Home > Al-Assad, Arab world, Assad, Ba'ath Party, Bashar al-Assad, Damascus, middle east news, Syria, Syrian human rights, سورية > Assad forces kill five mourners as Syrians bury victims of regime assaults(AlArabiya)

Assad forces kill five mourners as Syrians bury victims of regime assaults(AlArabiya)

Syrians prepared for more angry funerals on Sunday after security forces gunned down at least five mourners during burials for anti-regime protesters killed the previous day in the country’s third largest city, Homs.

The funerals in Homs, which is turning into a focal point in the nine-week uprising against the authoritarian regime of President Bashar al-Assad, were taking place amid mounting calls by the international community for an end to the violence.

Those killed on Saturday—at least five according to activists—were marching during the funeral procession of several people who were among 50 killed during protests that swept the country on Friday and Saturday.

“Tens of thousands had accompanied the funeral procession from the city’s main mosque to Tal al-Nasr cemetery,” an activist told Agence-France Press by telephone. “The shooting began as people were coming out of the cemetery” in Homs.

He said an unknown number of people were wounded as security forces fired on protesters in Saqba, a suburb of Damascus. “The demonstrators hurled stones at the security forces … who opened fire, leaving some wounded.”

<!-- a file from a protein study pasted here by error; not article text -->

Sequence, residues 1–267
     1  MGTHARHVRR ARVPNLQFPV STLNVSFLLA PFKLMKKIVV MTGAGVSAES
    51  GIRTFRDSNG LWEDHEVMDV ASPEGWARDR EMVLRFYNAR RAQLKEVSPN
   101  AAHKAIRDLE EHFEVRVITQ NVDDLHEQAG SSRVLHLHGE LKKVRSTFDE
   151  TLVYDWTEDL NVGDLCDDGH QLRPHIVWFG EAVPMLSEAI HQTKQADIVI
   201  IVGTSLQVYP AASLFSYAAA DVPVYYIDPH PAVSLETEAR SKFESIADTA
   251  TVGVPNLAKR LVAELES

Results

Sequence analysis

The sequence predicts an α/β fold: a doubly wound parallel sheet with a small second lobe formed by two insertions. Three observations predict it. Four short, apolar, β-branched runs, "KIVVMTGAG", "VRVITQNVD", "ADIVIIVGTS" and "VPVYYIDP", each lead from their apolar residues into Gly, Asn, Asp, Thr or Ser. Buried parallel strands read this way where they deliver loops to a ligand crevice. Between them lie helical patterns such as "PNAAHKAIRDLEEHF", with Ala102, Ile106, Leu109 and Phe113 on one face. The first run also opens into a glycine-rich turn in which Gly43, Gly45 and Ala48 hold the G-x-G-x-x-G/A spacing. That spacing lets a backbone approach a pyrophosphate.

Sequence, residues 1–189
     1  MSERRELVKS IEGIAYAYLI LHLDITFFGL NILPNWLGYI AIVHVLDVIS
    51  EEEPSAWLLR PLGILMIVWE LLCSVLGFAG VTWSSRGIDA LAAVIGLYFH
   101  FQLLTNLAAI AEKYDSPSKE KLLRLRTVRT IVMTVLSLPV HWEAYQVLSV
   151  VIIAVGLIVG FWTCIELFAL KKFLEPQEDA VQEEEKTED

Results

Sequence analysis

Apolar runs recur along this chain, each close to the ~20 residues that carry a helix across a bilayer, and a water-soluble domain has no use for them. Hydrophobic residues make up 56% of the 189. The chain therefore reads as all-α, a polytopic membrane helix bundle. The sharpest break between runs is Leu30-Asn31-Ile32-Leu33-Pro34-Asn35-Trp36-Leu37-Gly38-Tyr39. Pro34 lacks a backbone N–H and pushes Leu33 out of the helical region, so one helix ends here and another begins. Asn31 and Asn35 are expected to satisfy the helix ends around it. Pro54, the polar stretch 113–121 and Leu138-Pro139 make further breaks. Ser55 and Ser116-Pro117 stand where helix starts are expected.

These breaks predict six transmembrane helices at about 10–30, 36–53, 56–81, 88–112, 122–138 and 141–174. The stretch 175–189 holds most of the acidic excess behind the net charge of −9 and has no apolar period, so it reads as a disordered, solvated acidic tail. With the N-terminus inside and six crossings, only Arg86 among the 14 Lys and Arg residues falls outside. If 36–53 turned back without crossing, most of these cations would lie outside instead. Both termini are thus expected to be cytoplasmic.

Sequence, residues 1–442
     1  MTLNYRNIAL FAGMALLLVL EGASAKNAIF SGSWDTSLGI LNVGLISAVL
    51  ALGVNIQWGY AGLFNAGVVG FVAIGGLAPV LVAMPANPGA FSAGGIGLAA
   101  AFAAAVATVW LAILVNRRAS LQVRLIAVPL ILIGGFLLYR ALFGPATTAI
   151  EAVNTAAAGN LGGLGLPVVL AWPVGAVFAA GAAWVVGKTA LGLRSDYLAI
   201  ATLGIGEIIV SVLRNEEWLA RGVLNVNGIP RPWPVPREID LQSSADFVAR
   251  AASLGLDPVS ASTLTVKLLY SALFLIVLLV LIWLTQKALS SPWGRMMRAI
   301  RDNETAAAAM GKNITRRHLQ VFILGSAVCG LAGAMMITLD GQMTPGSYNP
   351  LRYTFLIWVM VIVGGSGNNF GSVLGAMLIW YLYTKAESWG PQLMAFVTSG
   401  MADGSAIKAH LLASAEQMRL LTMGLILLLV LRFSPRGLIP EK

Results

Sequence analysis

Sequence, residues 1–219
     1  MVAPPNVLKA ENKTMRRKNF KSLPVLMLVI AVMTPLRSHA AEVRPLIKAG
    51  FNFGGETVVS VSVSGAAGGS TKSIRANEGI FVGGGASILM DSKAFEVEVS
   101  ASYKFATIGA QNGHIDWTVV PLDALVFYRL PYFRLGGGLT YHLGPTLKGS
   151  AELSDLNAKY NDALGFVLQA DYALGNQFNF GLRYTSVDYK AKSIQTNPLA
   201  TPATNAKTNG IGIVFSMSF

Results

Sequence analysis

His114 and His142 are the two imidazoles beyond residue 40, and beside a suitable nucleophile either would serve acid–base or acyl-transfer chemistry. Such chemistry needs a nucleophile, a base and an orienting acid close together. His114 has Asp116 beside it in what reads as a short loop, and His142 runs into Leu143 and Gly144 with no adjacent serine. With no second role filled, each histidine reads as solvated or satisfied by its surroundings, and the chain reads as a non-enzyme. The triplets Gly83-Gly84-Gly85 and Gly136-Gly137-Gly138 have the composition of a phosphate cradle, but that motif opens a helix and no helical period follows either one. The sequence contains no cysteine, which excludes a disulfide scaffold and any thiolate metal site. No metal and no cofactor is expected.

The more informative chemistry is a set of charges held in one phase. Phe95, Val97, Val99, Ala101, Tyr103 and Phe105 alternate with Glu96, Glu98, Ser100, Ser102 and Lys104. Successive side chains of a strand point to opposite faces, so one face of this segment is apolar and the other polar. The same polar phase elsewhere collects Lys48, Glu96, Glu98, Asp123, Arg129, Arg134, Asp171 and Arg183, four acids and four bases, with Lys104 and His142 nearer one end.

Syria barred most international media since the protests broke out two months ago, making it impossible to verify independently accounts from activists and officials.

Syrian authorities have blamed most of the violence on armed groups, backed by Islamists and outside powers, who they say have killed more than 120 soldiers and police. They have recently suggested they believe the protests have peaked.

However activists say it is clear the regime is quickly losing credibility.

“Their ferocious crackdown has failed because the wall of fear has come crumbling down despite the massive arrests and torture,” said an activist reached by telephone.

“And no one is buying their talk of national dialogue anymore because the government is not addressing the crux of the issue,” he added. “The streets are seething with anger because people don’t know where we are headed.

“And the killings are further feeding this anger and feelings of rancor.”

At least 900 people have been killed and thousands more have been arrested since the pro-democracy protests began mid-March, according to rights groups.

Many of those arrested and later released reported being tortured, activists say.

Although the capital Damascus has been largely spared from the unrest until now, a number of demonstrations were held in and around the city on Friday but were quickly dispersed by security forces.

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